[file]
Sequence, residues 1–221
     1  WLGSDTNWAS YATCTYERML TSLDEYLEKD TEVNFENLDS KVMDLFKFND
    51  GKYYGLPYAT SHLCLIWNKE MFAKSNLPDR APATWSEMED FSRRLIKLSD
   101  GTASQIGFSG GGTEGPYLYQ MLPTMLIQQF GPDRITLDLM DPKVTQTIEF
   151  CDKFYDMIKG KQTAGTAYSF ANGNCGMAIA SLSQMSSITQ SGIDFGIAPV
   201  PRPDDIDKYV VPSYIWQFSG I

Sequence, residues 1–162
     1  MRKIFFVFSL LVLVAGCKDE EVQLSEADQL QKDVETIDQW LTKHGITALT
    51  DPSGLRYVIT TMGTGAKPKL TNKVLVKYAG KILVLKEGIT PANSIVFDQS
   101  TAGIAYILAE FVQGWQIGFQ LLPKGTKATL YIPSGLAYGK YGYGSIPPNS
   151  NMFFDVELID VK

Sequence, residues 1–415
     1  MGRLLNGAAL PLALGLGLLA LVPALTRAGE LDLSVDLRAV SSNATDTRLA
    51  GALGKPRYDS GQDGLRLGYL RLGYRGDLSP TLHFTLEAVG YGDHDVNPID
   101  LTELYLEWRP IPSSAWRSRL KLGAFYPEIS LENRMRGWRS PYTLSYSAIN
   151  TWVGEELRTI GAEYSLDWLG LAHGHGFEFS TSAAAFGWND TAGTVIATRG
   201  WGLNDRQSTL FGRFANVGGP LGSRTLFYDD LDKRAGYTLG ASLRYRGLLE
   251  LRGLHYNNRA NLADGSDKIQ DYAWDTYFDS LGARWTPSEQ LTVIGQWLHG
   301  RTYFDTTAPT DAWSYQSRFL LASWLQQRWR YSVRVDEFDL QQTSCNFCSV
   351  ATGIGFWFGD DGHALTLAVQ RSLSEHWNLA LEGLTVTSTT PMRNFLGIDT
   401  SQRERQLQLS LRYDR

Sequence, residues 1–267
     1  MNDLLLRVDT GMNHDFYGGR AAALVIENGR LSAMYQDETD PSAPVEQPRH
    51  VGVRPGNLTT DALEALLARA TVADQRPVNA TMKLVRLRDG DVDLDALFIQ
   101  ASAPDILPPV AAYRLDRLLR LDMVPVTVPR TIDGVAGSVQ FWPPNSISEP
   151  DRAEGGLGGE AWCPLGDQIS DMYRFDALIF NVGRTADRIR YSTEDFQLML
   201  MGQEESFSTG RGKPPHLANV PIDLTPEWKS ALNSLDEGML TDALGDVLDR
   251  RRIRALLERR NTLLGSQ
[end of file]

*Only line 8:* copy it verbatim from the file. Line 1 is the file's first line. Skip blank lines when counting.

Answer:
     1  MRKIFFVFSL LVLVAGCKDE EVQLSEADQL QKDVETIDQW LTKHGITALT